Discover more from The Shortcut
Windows on Mac is officially supported through Microsoft, Parallels team-up
Modern Macs have no native way to run Windows, requiring virtualization or cloud computing to run the OS on Apple computers
➡️ The Shortcut Skinny: Windows on Mac
🪟 Microsoft supports Windows virtualization on Mac with Parallels
👍 This starts with Parallels 18, spotted in a Windows support article
😔 Macs stopped running Windows natively with official Apple Boot Camp in 2020
☁️ Parallels is surprisingly stable, but Microsoft 365 Cloud PC is another option
Since Apple made its transition to its own custom chip designs, official support for Windows on Mac has been absent for all new MacBook and Apple desktop computers – now that’s no longer the case.
Yesterday, Microsoft published a support article that called Parallels 18 – a popular virtual Windows app – an “authorized solution” for running the ARM version of Windows 11 on newer Macs with Apple custom silicon, as spotted by The Verge. The change will mean good things for anyone who’s been trying to run Windows in parallel with their MacOS install, as the experience of running software within virtual Windows on a Mac will probably improve – at least eventually, assuming Microsoft’s support of this use means extra compatibility tools for the Parallels team.
The Shortcut is a reader-supported publication. To receive new posts and support my work, consider becoming a free or paid subscriber.
Windows on Mac: virtual Windows is still good
Before Apple switched to its in-house chips, it ran Intel, which enabled Boot Camp, its official solution for installing and dual-booting Windows on its machines. For years, anyone could run Windows on a MacBook, iMac, Mac Mini or any other Apple computer and expect a native experience. That hasn’t been the case since the 2020 introduction of the M1 MacBook Air and M1 Mac Mini.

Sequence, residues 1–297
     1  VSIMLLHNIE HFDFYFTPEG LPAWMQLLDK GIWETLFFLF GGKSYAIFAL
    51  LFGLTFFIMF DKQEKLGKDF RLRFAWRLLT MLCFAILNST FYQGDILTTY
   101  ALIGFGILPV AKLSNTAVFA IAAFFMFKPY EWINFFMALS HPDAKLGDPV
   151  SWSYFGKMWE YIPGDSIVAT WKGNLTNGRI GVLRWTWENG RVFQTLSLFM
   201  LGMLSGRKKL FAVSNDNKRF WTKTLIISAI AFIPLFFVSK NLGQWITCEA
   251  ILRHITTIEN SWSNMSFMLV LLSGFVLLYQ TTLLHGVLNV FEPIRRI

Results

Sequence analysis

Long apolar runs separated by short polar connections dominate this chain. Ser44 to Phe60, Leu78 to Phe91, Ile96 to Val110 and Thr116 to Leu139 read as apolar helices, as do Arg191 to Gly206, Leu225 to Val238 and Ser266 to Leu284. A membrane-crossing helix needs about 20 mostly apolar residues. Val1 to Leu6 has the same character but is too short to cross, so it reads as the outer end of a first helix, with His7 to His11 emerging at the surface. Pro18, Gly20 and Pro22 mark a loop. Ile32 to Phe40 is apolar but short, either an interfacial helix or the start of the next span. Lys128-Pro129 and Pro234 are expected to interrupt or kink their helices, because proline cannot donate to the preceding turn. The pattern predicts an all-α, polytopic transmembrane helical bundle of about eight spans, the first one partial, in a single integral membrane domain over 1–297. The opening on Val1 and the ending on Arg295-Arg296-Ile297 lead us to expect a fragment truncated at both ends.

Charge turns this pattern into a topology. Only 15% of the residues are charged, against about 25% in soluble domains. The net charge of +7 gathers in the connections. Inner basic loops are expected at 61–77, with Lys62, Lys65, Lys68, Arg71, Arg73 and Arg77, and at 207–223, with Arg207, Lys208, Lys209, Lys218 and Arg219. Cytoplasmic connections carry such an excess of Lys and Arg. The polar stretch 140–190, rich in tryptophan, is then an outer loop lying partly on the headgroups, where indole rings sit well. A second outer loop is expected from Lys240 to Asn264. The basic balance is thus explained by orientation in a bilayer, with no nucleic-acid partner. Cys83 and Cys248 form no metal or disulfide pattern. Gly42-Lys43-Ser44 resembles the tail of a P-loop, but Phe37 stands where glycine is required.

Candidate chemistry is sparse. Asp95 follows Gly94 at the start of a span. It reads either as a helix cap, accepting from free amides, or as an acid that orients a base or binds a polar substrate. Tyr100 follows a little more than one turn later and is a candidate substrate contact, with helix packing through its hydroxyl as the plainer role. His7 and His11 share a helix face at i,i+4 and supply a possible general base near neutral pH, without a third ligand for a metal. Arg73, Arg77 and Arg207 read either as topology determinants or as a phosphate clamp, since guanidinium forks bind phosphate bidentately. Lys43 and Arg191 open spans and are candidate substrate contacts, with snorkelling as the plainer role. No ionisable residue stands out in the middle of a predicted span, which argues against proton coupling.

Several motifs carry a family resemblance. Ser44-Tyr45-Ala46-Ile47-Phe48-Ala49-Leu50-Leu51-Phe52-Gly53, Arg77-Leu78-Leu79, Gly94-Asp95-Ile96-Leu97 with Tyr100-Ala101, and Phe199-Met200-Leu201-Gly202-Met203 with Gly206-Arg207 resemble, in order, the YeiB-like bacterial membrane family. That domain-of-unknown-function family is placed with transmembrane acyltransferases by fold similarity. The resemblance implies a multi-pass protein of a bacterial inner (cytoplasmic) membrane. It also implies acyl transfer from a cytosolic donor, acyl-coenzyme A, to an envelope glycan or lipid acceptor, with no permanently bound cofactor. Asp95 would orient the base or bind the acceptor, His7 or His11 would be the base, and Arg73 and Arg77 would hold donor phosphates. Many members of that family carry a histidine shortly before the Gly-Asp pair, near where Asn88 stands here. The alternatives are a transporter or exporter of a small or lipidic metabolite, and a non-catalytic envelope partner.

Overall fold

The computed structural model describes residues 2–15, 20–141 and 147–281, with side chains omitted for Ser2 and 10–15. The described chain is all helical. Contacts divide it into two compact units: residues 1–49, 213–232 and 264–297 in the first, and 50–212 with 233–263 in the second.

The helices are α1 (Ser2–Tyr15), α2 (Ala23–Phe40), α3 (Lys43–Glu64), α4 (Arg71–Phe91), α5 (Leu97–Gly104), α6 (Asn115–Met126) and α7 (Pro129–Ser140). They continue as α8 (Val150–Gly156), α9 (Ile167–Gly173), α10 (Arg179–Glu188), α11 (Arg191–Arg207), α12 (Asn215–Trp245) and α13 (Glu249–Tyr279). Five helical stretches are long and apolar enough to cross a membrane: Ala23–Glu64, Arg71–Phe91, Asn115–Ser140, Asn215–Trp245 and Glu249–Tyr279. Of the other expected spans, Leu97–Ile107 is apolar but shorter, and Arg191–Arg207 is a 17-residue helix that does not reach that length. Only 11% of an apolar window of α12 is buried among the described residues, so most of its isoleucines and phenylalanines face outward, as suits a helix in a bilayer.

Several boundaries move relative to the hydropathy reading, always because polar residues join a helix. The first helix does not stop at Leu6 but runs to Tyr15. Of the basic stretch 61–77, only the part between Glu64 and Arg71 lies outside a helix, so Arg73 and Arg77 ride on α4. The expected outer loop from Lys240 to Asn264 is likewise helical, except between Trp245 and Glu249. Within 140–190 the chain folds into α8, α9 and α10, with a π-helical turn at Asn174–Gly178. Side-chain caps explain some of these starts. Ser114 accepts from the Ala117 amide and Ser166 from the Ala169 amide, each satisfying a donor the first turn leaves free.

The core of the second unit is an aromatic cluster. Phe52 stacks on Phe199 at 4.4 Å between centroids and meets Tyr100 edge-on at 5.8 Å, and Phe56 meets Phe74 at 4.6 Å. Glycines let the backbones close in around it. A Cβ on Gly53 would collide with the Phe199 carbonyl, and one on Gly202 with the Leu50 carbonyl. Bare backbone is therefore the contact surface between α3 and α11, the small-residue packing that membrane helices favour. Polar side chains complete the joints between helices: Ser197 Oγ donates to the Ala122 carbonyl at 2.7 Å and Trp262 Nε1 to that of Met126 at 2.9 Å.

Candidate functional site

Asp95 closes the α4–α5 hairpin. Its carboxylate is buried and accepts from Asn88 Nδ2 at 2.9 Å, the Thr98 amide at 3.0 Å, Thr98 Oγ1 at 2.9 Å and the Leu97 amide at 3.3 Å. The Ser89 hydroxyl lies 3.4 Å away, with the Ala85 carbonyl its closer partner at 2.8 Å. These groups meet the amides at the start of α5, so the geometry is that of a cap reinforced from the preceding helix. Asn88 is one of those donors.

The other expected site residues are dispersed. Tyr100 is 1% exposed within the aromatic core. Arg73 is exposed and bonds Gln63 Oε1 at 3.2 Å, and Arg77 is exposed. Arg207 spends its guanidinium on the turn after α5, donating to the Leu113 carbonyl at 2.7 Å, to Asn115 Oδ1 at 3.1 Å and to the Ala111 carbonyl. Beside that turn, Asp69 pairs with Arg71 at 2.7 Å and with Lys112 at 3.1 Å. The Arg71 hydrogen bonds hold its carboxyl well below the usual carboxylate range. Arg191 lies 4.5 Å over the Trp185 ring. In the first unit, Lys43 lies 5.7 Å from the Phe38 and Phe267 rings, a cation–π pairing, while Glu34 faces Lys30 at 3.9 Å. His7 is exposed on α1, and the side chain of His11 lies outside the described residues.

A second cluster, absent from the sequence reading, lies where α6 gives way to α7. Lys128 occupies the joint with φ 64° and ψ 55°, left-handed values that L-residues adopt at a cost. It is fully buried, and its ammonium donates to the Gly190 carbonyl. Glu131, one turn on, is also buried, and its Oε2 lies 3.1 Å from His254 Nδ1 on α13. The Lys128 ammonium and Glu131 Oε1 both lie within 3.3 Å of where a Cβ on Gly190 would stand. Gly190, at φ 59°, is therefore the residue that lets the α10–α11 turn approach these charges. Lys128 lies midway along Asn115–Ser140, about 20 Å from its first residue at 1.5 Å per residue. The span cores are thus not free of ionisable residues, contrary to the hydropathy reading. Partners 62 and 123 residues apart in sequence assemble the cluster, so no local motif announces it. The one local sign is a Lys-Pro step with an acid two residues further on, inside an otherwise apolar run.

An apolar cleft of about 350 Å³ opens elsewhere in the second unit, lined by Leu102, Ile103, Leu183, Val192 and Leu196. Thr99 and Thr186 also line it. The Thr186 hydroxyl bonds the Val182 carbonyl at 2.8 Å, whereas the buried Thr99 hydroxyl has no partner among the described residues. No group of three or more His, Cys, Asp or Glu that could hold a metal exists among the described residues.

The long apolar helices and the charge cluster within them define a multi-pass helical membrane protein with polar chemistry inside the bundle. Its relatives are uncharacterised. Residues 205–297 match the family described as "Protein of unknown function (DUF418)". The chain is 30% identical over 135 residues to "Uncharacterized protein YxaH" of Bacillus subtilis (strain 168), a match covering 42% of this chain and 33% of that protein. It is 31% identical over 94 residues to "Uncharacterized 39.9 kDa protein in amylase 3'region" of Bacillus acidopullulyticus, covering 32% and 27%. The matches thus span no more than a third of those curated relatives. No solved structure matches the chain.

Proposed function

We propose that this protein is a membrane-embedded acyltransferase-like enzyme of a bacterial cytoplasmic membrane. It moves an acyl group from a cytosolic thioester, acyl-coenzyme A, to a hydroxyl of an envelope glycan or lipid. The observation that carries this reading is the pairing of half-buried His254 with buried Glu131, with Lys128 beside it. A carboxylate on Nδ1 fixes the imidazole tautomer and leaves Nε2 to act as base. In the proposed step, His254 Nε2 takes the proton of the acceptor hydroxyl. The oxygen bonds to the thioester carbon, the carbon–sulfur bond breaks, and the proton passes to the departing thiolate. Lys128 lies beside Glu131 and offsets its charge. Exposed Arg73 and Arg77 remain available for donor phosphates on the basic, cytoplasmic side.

Parallels first offered support for virtual Windows with version 16.5 of the app, giving Mac users, for the first time since the Intel-powered Macs a solid option for running Windows and MacOS simultaneously on a single machine. I used it around that time, and can personally say that, while you definitely won’t be doing any real gaming in Windows on Parallels, it’s a surprisingly native-feeling experience. You’ll notice warts, of course, but if you’re only using it for basic tasks, Parallels is more than sufficient.
Windows on Mac: try it in the cloud
If you don’t want to run Windows in a virtual environment on your Mac, there’s another way. Microsoft offers a cloud version of the operating system, called Windows 365 Cloud PC. With any basic web browser, even on a Chromebook, you can run Microsoft Windows from afar for a monthly fee, with the distant PC configurable with four to 16GB RAM and up to 256GB of storage.
Alternately, with Virtual Windows, you can basically assign your virtual machine whatever configuration you’d like (so long as your Mac actually, you know, has those resources).
Neither solution is an ideal wholesale replacement for running native Windows, but there are certainly arguments to be made for one or the other, particularly for business users who need to run certain apps that aren’t available on macOS.